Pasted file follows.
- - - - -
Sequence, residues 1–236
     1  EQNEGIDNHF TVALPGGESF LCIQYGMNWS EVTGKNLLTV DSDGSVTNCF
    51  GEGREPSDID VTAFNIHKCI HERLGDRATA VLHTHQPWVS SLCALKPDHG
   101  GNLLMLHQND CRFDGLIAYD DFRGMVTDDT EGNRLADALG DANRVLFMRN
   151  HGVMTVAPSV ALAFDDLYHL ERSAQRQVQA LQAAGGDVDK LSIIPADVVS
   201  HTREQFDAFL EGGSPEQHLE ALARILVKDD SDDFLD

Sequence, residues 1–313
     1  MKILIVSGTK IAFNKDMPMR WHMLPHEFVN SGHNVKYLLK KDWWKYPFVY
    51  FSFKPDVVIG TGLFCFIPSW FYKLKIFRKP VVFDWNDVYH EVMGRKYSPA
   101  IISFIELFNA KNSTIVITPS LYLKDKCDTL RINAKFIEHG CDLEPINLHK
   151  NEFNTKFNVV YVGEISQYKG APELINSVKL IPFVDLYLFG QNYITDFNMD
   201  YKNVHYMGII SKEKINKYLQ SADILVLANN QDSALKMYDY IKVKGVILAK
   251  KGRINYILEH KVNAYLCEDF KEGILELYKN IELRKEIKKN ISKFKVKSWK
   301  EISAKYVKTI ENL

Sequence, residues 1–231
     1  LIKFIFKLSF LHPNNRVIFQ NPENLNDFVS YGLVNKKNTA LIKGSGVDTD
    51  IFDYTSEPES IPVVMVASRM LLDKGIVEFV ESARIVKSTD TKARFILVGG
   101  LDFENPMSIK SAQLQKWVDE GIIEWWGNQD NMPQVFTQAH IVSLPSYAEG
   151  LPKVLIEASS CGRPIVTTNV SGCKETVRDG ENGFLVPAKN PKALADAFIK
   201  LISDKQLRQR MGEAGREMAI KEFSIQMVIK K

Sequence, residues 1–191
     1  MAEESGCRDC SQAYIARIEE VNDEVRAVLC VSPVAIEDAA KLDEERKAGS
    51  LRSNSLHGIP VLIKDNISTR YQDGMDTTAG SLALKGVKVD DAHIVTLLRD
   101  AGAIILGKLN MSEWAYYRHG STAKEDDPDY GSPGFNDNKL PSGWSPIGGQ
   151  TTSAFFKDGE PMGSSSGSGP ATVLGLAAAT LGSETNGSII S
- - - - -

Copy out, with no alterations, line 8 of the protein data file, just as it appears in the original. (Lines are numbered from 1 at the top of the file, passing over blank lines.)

     1  MKILIVSGTK IAFNKDMPMR WHMLPHEFVN SGHNVKYLLK KDWWKYPFVY